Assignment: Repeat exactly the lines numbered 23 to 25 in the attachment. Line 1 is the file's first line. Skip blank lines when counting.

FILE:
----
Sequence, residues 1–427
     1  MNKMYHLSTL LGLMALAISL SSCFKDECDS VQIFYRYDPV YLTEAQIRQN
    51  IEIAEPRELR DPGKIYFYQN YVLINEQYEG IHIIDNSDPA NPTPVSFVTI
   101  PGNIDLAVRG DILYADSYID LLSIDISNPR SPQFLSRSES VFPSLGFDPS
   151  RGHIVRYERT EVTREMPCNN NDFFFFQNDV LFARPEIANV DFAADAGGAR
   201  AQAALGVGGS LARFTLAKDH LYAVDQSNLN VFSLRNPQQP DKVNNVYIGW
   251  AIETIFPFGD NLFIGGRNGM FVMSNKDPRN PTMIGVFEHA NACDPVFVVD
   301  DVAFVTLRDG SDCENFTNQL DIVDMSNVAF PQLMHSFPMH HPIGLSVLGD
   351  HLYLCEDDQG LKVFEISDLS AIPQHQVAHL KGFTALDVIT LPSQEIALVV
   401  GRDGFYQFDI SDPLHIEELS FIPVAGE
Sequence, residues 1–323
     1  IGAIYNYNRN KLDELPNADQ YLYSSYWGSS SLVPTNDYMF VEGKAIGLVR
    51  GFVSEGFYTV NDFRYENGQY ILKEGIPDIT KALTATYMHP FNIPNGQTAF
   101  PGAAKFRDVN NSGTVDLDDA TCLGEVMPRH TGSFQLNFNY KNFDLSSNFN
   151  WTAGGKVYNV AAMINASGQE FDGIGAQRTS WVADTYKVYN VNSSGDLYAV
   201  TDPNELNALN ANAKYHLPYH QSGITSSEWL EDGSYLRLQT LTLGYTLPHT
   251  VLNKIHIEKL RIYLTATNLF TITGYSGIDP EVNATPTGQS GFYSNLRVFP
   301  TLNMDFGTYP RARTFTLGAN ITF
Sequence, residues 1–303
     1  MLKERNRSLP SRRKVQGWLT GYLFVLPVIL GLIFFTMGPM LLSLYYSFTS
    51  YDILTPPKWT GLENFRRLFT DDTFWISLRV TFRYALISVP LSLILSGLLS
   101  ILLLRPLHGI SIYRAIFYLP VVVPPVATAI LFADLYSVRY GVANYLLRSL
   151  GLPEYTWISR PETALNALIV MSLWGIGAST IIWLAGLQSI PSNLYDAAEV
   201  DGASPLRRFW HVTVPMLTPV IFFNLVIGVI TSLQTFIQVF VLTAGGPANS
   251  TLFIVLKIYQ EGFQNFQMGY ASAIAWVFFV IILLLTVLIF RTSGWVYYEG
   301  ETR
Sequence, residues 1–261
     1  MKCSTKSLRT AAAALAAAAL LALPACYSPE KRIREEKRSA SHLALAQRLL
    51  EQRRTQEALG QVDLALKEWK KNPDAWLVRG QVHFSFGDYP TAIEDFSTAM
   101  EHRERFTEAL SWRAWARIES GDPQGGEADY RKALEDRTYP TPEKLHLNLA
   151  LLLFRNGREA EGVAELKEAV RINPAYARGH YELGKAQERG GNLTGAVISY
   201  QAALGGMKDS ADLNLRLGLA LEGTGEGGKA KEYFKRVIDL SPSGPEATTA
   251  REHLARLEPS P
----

   151  GLPEYTWISR PETALNALIV MSLWGIGAST IIWLAGLQSI PSNLYDAAEV
   201  DGASPLRRFW HVTVPMLTPV IFFNLVIGVI TSLQTFIQVF VLTAGGPANS
   251  TLFIVLKIYQ EGFQNFQMGY ASAIAWVFFV IILLLTVLIF RTSGWVYYEG